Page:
From that, I gather that there must be a substantial basis to consider an indictment against Trump. By contrast, just taking the the example of a special counsel that's most familiar to people, Robert Mueller — Mueller was named before much of the investigation had occurred. He was named in the wake of the firing of James Comey because the conflict of interest was so grave arising from that move that the deputy attorney general concluded there was no choice in the matter. But at that point, the evidentiary record had not been substantially developed, and it took Mueller a period of years to complete that process.
So the long and short of it is, I think we can conclude from the naming of the special counsel in this case that there's a very substantial basis that Trump will be indicted.
Why from DOJ’s standpoint is it important to have a special counsel overseeing this?
In the wake of Congress allowing the independent counsel law to expire in 1999, the DOJ promulgated a special counsel regulation, still in effect now, that essentially calls for an office similar to the one that was in place during Watergate and used to investigate Nixon.
Special counsels are not independent. They're not appointed by a court. They're appointed by the attorney general, and their power to make prosecutorial decisions ultimately derives from the attorney general. They could be fired just like the Watergate special prosecutor was fired by the attorney general. But that does not mean that it is pointless, as some has suggested, for an attorney general to name a special counsel.
A special counsel is functionally far more independent than a DOJ prosecutor or a US attorney appointed by the president. Presumptively, the attorney general will defer to the special counsel's recommendations and determination, and it's that appearance and reality of distance from the attorney general that gives the special counsel a special type of status.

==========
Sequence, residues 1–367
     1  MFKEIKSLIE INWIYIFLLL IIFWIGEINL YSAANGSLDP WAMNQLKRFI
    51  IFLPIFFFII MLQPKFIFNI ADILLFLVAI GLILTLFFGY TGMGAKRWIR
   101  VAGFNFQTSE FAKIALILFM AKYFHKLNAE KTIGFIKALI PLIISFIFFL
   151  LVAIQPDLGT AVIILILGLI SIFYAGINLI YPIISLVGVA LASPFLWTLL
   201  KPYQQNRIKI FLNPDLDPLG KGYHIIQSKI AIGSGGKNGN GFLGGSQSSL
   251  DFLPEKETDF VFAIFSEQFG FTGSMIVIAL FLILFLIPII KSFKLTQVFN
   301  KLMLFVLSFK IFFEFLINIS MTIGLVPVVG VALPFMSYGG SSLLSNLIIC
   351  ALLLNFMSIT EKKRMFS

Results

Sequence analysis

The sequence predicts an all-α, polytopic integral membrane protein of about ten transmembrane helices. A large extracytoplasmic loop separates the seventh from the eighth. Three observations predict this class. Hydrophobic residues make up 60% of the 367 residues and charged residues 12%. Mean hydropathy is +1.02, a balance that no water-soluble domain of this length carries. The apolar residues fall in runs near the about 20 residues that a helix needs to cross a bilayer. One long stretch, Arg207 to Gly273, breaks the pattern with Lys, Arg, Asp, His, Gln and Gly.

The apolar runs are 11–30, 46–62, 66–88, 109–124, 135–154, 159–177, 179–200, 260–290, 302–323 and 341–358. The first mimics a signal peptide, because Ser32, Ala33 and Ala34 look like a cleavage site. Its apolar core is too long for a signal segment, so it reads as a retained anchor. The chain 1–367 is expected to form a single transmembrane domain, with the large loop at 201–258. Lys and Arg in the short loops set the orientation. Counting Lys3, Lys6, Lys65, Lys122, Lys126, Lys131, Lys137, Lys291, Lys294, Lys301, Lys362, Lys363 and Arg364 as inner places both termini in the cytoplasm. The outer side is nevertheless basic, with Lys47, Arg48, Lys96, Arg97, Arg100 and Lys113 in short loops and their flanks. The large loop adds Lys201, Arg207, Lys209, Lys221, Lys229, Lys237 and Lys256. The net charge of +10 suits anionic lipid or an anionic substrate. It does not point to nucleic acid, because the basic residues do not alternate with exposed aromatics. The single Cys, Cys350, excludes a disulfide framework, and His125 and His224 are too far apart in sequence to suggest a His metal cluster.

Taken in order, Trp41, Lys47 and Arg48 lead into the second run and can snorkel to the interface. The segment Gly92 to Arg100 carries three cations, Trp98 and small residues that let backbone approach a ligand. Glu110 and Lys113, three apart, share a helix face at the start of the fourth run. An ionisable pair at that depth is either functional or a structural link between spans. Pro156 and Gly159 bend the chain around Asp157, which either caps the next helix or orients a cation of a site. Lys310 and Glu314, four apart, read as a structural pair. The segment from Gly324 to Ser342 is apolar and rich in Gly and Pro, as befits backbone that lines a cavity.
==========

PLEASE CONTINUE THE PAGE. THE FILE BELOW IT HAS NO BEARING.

The regulation calls for two judgments to be made by the attorney general when considering whether to name a special counsel. The first is whether there is in fact a conflict of interest for the attorney general, deriving from the nature of the potential defendant and the potential crime. Obviously that's the case here. We're talking about potential crimes committed by a former president who's a political opponent, and actually a candidate who might oppose Biden in the next election. So there's clearly a conflict of interest or the appearance of one.
The next question is whether it's in the public interest to name a special counsel. That's designed to give the attorney general some leeway to make the judgment. Many people have argued that it's not in the public interest to name a special counsel under these circumstances. I argue that it obviously is in the public interest simply because of the conflict of interest. There's just no way to avoid the allegation that any judgment the attorney general would himself make without the mediation of the special counsel as to whether to charge Trump committed crimes involves a conflict because of Trump’s status as a candidate.
Attorney General Garland made the judgment that there is a conflict and that it is in the public interest to name a special counsel. I think it's pretty hard to argue with either of those conclusions.
If Trump is indicted, could he continue campaigning?
If Trump is indicted, it's of course going to impair his ability to run for president.
He can run for president if he's indicted, but he's gonna be a defendant in one or very possibly multiple very serious criminal cases. Those criminal cases aren't going to stop because he is running for president, despite what Trump may think.
Obviously Trump will argue that he should obtain a stay because he's running for president, but I think the argument for that is exceedingly weak. If that argument was accepted, then every criminal defendant would simply declare that they are a candidate for political office and delay their prosecution.